Based on her speech to the “Breakfast with the Chiefs” she also has the ability to “speak the language” of health care bureaucrats. Phrases like “shared accountability”, “transformation secretariat”, and “stream of work” fluidly roll off her tongue. Personally, I find these phrases vapid and incomprehensible (eHealth Ontario for example is not “still a journey” as she states, it’s a disaster). However, this kind of verbiage is needed to communicate with other health care leaders, so I’m glad that she is able use it.

What does she truly believe in as far as health care goes however? Assuming she wasn’t just towing a political line, it also appears from her speech that she recognizes the need to transform health care and break down the various silos in health care. Silos refer to the fact that we have a bunch of different organizations in health care, e.g. hospitals, home care, your doctor’s office, that operate independently, and often not in a co-ordinated manner.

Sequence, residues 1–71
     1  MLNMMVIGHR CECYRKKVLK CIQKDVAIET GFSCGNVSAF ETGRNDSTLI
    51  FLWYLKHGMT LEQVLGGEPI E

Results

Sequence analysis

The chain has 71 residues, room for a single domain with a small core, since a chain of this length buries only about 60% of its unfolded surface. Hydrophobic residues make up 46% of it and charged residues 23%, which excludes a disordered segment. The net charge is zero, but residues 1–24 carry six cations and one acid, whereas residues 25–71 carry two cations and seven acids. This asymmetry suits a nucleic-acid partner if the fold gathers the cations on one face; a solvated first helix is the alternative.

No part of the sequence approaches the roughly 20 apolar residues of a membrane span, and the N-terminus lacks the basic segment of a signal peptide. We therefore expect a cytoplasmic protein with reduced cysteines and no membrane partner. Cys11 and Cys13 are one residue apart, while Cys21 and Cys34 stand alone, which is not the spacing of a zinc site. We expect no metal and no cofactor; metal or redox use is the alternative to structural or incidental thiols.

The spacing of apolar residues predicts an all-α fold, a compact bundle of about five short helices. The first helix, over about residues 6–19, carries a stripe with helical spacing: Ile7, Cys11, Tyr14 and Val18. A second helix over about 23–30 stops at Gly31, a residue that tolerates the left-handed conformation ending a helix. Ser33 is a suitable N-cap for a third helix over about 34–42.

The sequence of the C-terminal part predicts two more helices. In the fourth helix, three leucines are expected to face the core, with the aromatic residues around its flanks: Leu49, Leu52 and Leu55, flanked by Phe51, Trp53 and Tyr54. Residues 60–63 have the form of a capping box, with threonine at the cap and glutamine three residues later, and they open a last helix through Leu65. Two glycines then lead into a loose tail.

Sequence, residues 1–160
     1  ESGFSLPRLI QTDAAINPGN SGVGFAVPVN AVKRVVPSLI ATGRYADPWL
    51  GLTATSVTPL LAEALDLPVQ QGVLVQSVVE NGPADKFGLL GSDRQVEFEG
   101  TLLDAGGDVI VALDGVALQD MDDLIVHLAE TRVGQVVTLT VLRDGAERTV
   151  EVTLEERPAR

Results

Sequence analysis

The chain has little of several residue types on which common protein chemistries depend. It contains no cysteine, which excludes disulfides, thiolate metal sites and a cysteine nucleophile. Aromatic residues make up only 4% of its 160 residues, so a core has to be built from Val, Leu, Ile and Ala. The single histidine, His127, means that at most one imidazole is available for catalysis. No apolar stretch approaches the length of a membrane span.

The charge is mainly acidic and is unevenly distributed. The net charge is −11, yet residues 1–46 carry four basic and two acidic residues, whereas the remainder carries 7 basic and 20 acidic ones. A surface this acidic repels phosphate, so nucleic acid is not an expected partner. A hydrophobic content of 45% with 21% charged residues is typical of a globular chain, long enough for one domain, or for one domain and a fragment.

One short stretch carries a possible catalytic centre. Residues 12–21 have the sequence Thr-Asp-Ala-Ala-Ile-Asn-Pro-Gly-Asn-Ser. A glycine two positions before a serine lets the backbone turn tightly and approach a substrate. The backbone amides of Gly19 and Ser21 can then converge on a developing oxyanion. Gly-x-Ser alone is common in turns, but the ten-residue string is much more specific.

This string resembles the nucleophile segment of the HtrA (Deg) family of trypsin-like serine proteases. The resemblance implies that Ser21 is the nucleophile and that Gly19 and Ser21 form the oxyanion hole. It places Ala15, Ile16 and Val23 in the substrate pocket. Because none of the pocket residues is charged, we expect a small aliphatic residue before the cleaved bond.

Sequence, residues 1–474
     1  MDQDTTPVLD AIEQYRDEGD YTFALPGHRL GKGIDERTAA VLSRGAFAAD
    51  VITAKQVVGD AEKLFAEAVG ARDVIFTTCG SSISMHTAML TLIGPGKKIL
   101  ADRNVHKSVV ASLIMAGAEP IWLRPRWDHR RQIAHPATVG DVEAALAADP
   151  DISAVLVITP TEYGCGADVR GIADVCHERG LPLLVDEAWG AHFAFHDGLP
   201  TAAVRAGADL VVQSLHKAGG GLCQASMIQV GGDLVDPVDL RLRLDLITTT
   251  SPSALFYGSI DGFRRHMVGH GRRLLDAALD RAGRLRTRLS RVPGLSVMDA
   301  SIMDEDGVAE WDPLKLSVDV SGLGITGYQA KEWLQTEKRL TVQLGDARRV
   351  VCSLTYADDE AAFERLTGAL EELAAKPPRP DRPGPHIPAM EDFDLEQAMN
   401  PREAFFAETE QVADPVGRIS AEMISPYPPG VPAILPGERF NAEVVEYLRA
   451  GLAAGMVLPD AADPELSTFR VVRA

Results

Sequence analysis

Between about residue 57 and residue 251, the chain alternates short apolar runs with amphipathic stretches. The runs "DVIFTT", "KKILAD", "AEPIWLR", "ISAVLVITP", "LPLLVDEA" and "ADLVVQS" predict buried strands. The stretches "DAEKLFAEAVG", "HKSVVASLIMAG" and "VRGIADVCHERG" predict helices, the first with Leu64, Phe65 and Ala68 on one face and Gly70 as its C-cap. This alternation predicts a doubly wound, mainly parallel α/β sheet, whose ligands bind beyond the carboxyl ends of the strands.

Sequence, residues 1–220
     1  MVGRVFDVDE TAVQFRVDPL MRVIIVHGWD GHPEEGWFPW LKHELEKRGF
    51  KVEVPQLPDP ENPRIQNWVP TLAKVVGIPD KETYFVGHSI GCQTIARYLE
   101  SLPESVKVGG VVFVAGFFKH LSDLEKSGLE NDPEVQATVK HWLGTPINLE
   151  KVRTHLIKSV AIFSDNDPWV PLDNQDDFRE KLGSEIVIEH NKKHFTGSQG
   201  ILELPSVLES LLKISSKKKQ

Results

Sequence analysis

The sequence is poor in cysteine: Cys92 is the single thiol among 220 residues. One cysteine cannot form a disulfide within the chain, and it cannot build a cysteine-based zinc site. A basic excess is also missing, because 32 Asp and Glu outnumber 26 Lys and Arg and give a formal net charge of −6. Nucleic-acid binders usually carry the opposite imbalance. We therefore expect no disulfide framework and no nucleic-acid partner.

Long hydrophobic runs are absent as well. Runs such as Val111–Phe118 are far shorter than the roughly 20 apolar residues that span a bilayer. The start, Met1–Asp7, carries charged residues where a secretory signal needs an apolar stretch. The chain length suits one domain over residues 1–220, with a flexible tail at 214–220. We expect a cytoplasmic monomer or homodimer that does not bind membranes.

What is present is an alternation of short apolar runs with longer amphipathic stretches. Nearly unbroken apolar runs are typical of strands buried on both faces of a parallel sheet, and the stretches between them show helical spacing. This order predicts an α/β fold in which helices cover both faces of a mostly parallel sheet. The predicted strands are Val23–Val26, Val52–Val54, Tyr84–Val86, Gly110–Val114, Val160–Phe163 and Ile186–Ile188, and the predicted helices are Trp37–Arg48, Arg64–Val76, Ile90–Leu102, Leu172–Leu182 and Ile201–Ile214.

When I was the Health Links lead physician for South Georgian Bay, I recall Deb Matthews referring to Ms. Angus as “the silo-buster”. Ms. Angus of course, never got to work on that because as mentioned, she suddenly left health care altogether when Bob Bell became the Deputy Health Minister. Bell, under the guidance of the pitiful Eric Hoskins and the forlorn Kathleen Wynne never got around to busting silos. Instead the three of them thought it would be better to get into a toxic, pernicious, and vexatious relationship with Ontario physicians. We all saw how that worked out.

Ms. Angus spoke of the need to make health care more patient centred, and improve access for patients. Part of that will require a significant streamline to Ontario’s bloated health care bureaucracy. Part of that will require she forces a dollop of common sense down her bureaucrats throats (why does it take two years to make a change when everybody agrees something is a good idea?).